November 26, 2019
A few days before we celebrate that national day of gratitude and thanksgiving, the news is full of the words of a soul-less, monstrous systemic destructive force. And of grave efforts to confront the beast in the offices of the world’s most powerful leaders. It is becoming evident on every side that we are facing a deep spiritual crisis. And to that, T.S. Eliot’s words come to mind, “It is ours to do the work. The results are none of our business.”
First the news.

“Governor Cuomo, Please declare a climate emergency
for the state of New York

and immediately ban all new fossil fuel infrastructure.
Tel: 518-474-8390, press (1)
or Tweet: @NYGovCuomo

Since I’m on the phone anyway I add stopping Danskammer, CPV, Cricket Valley and the 7 mile pipeline loop around Alb/Ren.  I also ask Cuomo to power the Empire State Plaza with renewables and to stop exploiting the environmental justice community of Sheridan Hollow.   People from other parts of the state are free to add their own local horrors or even thank the governor for anything positive he has done. BUT, none of the extra stuff is necessary.  Just what is in bold above.  It really does take less than a minute.  I’ve got a note on my fridge so I don’t forget.  If you’re on the road a lot you could put it in your car.  Soon it’s a habit.

Calling direct and leaving a message means you don’t have to leave your name, zip code or any other contact info.  It also means you don’t have to wait while a recording tells you what to say.  Thanks to Sue’s promotion in Rochester we now have 30 people calling the governor which means 210 calls a week.  When we hit 100 people calling (700 calls/week) then I’ll contact the Times Union, WAMC, etc. to see if they’ll promote our action. 

A little about me – If you know of my work at all (and you probably don’t) I headed up the fight against the Bomb Trains in the Albany area 4 or 5 years ago.  We got a lot of press at the time.  Most recently I was lead organizer for the 9/20/19 Climate Strike March that drew in 500 marchers.  The People of Albany United for Safe Energy (PAUSE) is my main group which I founded in 2014.

That’s about it. I’ve got a spreadsheet going so I can track who’s calling. I truly believe that for the time spent there’s nothing more impactful than this call-in campaign.  It’s so utterly simple and takes 7 minutes a week.


Settlement with Oil and Gas Industry Seeking Monetary Award
Ban Against Injection Wells Continues

Following settlement of one of the lawsuits against Grant Township, PA, for daring to protect its water from a frack wastewater injection well, the township continues to stand up to the oil and gas industry.

MERCERSBURG, PA— An oil and gas industry lawsuit – seeking to override a community’s ban on frack waste injection wells, and simultaneously discipline the lawyers working to defend the community – has been settled.

The Pennsylvania Independent Oil and Gas Association (PIOGA) and Pennsylvania General Energy (PGE) sued Grant Township, PA, in federal court to overturn its 2014 ban on frack waste injection wells. Such wells are known to introduce radioactive waste and other chemicals (undisclosed by corporations), as well as cause earthquakes, in the communities where they are sited.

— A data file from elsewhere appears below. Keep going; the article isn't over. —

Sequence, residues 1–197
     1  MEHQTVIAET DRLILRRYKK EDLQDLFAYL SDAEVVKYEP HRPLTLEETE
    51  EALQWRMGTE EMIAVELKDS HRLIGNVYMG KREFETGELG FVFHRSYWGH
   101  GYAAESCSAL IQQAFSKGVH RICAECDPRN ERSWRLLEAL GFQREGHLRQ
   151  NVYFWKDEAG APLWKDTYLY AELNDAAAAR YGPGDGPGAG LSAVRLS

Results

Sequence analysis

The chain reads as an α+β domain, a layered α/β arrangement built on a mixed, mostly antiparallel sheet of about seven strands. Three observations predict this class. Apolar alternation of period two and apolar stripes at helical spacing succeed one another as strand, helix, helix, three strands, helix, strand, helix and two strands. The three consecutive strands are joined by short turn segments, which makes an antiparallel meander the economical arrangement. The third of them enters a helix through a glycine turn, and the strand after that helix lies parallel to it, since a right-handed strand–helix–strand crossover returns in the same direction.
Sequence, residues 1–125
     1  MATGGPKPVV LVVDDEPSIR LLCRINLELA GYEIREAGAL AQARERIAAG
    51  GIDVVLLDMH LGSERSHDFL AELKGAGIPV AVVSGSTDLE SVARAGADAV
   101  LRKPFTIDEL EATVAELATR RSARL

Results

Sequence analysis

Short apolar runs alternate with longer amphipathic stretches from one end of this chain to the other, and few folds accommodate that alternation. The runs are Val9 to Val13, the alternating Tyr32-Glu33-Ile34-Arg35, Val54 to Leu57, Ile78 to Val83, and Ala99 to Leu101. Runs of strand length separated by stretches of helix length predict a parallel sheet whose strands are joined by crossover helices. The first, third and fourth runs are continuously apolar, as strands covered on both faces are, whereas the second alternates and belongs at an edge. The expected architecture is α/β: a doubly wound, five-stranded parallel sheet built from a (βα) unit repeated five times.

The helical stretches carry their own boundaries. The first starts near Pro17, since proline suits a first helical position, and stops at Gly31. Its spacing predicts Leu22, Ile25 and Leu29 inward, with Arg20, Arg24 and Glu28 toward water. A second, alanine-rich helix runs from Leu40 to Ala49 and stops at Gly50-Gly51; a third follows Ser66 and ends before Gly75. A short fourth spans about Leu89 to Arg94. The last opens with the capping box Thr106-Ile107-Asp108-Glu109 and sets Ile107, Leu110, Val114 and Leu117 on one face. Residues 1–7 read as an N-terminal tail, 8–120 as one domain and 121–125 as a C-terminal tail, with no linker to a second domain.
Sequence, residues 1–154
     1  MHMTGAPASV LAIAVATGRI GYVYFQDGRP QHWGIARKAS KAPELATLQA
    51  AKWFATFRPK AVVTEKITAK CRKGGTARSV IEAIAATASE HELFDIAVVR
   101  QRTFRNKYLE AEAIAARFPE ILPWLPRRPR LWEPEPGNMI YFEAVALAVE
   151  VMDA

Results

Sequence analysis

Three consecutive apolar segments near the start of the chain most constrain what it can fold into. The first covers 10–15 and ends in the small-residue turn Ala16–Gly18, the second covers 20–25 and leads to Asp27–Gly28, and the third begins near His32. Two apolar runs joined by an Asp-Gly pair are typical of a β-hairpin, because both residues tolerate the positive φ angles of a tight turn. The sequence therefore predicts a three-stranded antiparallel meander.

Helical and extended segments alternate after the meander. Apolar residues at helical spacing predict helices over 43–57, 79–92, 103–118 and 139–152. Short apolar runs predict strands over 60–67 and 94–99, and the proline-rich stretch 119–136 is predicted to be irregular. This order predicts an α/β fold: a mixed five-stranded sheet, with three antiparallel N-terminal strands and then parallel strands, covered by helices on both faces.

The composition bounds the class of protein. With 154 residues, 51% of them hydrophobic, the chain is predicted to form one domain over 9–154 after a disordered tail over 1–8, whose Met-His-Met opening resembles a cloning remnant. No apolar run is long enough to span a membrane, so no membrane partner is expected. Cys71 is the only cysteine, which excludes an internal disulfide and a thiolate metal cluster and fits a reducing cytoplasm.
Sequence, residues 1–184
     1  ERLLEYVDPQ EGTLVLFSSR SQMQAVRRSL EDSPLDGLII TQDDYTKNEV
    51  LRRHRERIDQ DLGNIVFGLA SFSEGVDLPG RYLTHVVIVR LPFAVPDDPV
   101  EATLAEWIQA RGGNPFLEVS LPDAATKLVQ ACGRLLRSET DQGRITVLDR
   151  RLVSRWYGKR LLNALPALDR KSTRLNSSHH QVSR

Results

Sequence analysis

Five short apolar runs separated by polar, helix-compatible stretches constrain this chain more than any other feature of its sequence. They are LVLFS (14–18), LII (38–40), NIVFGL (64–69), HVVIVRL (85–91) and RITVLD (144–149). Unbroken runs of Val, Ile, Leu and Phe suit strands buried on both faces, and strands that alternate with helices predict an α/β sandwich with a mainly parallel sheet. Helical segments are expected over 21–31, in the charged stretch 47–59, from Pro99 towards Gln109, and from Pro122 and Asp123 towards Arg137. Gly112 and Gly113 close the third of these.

The rural Indiana County community passed the ban to protect its only source of drinking water from the risk of permanent contamination. The township law secured the right of the people to protect their water, and the environmental rights of the people and ecosystems in the community to be protected from such threats.

The lawsuit sought to overturn the community’s democratically enacted prohibition on the wells. PIOGA and PGE argued that preventing oil and gas corporations from dumping frack waste in the community amounted to violation of the corporation’s civil rights, and the attorneys’ defense of the law to harassment. Therefore, they argued, the attorneys must be financially sanctioned for defending the community, and PGE sought to compel Grant Township to pay for the money the company spent to sue the community.

As the court and the corporation discussed how to punish Grant and its legal team – from the Community Environmental Legal Defense Fund (CELDF) – the people of the township voted for a new municipal home rule charter, in 2015. That charter stands and continues to prohibit frack waste wells.

Grant and CELDF faced difficult choices. Grant faced a fee amounting to over $102,000, and Grant Township’s attorneys, supported by CELDF, faced sanctions of $52,000. On appeal, PGE sought sanctions of more than $600,000 against the attorneys and CELDF. After months of legal negotiations, CELDF and Grant decided the financially prudent decision was to settle for $75,000. CELDF will pay the entire settlement. Grant will pay nothing. This settlement does not allow injection wells to be sited in the township.

But it is outrageous that the judge and industry have taken these actions.…—Ben Price, “Settlement Announced with Oil and Gas Industry Seeking Monetary Award: Ban Against Injection Wells Continues,” CELDF, 11/11/19


Letter to the Editor:
Regarding That Food & Water Watch Criticism of RGGI

At an event this past weekend, I had the chance to participate in a rendition of one of my favorite chants: ” The People, United, Will Never Be Defeated”.  I love the sentiment, of masses of people coming together with shared purpose in order to overcome the forces that seek to benefit a more narrow set of interests.  But even as I chant the words longing for them to be made real, I feel the knot building in my stomach and my mind drifts to how easily we are kept divided.  A concern I also had when reading, “Cap and Trade: More Pollution for the Poor and People of Color”, in the last edition of The Banner.